Even for Australian politics, last week was unusually gaffe-prone and bizarre, writes James Fitzgerald.
AS WHAT can only be described as one of the most confusing, frustrating and utterly discombobulating opening Election weeks in history draws to a close, let’s be thankful that the Easter long weekend has given us a well-deserved respite.
The week opened with a salvo from Morrison and company targeting Labor’s apparent $387 billion of new taxes if they were to win government, a figure we were told came directly from the Treasury. The Treasury then stated that no exact total figure was released to the Government.
Take from that what you will.
To then pour petrol on the flames, Home Affairs Minister Peter Dutton threw his two cents in by saying his opponent for Dickson, who has a disability, was using it “as an excuse” as she does not live in the area due to a lack of disability services and access. The proverbial in the bed, on day two no-less.
Then, almost on cue, controversial Nationals MP George Christensen had to defend spending a significant amount of his time in the Philippines, instead of pottering around his local electorate of Dawson in North Queensland. It has also now been revealed that he may have billed the taxpayer up to $3,000 by making trips north to visit his electorate; only to grab a connecting flight to Manilla.
All on our behalf.
Earlier in the week, PM Scott Morrison had hit the trail and visited the under-threat seat of Reid in Sydney’s inner-west, which is currently held by the Malcolm Turnbull backer and departing MP Craig Laundy. Although the seat, which holds a marginal 4.7 per cent for the Coalition, has a large Korean population, the Prime Minister greeted a local Korean restaurateur with “Ni Hao”, which, of course, is Chinese.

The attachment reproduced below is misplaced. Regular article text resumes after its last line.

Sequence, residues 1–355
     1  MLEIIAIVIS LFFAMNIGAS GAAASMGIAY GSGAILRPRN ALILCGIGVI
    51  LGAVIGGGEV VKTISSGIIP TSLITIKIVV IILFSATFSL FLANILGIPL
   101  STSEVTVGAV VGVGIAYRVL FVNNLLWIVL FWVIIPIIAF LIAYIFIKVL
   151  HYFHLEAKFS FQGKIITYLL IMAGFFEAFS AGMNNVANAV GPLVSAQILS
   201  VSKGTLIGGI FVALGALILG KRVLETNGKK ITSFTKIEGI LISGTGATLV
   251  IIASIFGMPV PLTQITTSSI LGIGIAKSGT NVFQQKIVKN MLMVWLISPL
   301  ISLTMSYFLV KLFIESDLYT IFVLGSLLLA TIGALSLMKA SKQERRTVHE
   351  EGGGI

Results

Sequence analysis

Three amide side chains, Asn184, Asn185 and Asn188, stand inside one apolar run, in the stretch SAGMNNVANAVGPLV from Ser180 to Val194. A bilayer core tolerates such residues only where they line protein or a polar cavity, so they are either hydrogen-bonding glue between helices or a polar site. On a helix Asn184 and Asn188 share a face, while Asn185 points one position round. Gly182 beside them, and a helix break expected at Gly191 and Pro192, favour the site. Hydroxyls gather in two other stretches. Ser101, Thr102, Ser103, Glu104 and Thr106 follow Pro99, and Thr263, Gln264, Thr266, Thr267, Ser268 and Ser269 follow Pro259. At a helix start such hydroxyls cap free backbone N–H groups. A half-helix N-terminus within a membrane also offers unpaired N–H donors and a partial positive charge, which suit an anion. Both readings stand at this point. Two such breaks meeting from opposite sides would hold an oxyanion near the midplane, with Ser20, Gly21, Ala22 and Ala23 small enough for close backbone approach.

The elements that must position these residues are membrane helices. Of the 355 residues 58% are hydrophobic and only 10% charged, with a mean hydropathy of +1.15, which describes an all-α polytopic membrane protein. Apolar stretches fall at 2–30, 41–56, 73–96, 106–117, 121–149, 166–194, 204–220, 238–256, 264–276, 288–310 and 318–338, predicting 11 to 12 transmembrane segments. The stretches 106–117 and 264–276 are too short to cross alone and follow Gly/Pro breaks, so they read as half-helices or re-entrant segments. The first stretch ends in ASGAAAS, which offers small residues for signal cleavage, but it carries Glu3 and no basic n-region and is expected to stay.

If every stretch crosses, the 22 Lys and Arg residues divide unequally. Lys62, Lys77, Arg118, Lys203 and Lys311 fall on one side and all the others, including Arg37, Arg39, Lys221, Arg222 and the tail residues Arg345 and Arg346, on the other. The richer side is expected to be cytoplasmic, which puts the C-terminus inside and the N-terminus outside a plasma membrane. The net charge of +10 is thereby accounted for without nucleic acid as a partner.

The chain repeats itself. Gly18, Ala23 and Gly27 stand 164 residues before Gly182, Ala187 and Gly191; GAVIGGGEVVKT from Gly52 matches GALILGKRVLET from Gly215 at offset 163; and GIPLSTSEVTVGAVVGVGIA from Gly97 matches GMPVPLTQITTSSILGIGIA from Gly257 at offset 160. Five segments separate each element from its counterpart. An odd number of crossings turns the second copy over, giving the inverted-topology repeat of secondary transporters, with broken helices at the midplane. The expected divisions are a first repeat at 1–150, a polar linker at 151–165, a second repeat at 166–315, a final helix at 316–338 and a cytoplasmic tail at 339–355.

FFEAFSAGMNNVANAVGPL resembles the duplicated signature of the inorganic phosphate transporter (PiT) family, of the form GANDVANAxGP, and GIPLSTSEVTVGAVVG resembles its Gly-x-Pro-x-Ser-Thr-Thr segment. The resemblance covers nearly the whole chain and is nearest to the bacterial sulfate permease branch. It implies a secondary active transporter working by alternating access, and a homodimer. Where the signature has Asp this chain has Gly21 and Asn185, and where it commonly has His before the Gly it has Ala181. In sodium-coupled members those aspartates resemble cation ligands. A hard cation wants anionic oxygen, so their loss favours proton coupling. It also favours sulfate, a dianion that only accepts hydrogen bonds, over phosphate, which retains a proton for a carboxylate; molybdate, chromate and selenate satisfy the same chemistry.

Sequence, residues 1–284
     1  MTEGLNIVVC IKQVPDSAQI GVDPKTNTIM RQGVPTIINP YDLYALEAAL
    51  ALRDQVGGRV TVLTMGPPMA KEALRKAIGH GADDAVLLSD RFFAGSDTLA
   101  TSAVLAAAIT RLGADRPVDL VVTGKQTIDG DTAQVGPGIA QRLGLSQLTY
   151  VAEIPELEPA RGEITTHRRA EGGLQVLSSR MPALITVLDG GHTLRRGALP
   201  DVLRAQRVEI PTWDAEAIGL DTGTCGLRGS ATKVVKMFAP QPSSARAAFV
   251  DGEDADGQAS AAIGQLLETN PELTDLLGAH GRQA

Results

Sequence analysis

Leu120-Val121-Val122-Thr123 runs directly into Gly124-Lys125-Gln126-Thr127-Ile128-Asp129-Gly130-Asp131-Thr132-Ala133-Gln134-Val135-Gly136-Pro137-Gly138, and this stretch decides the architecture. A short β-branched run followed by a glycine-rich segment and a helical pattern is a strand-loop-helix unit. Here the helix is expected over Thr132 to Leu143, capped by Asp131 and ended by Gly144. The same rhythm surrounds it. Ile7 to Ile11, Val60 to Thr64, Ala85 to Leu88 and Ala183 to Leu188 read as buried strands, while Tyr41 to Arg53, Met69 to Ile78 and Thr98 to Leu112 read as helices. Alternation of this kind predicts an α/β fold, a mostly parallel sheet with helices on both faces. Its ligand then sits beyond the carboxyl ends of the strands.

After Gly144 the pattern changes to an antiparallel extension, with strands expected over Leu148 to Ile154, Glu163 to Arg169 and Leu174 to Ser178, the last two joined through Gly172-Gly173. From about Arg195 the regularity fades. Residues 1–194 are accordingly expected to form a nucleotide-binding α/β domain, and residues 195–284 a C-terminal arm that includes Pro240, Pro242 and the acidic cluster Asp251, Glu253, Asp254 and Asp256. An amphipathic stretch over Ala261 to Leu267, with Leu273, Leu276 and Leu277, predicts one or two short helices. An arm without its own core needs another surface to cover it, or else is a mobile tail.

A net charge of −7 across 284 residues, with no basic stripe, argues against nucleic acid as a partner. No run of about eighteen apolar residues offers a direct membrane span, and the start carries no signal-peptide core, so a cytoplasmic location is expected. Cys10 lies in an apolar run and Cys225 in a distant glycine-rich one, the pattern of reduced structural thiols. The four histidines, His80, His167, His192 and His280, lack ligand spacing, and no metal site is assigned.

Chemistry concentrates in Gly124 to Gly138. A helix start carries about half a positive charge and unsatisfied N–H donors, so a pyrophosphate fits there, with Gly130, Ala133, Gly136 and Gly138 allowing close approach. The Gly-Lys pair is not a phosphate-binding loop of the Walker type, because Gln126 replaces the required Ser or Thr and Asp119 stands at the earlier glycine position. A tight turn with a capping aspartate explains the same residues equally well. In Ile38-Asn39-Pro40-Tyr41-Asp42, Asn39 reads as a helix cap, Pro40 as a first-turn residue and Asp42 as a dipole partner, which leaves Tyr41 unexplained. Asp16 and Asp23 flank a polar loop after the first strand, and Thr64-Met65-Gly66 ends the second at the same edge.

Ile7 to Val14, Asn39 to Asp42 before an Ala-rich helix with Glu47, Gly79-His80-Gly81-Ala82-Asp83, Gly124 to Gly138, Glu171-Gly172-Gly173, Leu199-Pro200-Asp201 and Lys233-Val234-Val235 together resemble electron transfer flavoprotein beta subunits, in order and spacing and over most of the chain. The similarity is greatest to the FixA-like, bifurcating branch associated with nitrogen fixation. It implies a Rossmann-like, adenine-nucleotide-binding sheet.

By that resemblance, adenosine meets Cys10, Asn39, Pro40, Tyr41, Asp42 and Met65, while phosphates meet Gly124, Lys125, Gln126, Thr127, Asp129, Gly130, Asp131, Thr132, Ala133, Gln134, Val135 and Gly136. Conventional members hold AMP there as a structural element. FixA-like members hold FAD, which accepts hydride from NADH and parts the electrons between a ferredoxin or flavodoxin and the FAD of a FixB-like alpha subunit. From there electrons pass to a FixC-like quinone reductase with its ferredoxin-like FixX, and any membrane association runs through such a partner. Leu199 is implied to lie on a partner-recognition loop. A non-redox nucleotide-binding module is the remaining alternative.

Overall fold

Not to let the Coalition have it all their own way, Bill Shorten then forgot his own superannuation policy after a grilling by a Channel Ten reporter, stating that “we have no plans to introduce any new taxes on superannuation”. This was, at best, a half-truth. In fact, this Labor policy was announced last year in the reply budget, so in essence it was a faux pas from earlier, simpler times which was still poorly timed.
As is always customary with election campaigning; when someone stuffs up another quickly rushes to take the gold jacket of incompetence away from them.
Former Prime Minister and Member for Warringah, Tony Abbott, then grabbed the baton with two hands stating that he was "willing to resume the leadership of the Liberal Party" if they were to lose the upcoming election.
Morrison immediately dismissed this saying:
“I think Tony was responding to a question that was very hypothetical.”
Everything is fine.
As the curtain closed on this truly horrific week in Australian politics, we had time for one more very, very out-of-the-blue and astonishing remark, from the current Prime Minister himself.
In an interview with Tasmania’s LA FM, the PM was asked: “why is nuclear power not on the agenda"? This was greeted with “well, it’s not, not on the agenda” and “well, they can if they pay their own way” in response to a question on possible subsidies to nuclear energy which renewables are entitled to.
But, of course, nuclear energy in Australia is illegal, so there’s also that.
The good news, or indeed bad, is we have another three weeks of this campaigning, confusion and commotion before we all saunter off to the polls on the 18th of May. Therein lies the magic of Australian politics, if one can put it that way: no one knows what calamity or disaster will be thrown up next for us to facepalm and sigh at.
Both parties will enjoy the break before praying that they have better fortunes on the horizon after what has been a truly weird and wacky week.
James Fitzgerald is an Australian freelance journalist based in London. He has a keen interest in world politics as well as social and environmental issues across the globe. You can follow James @Jamesfitzsport.
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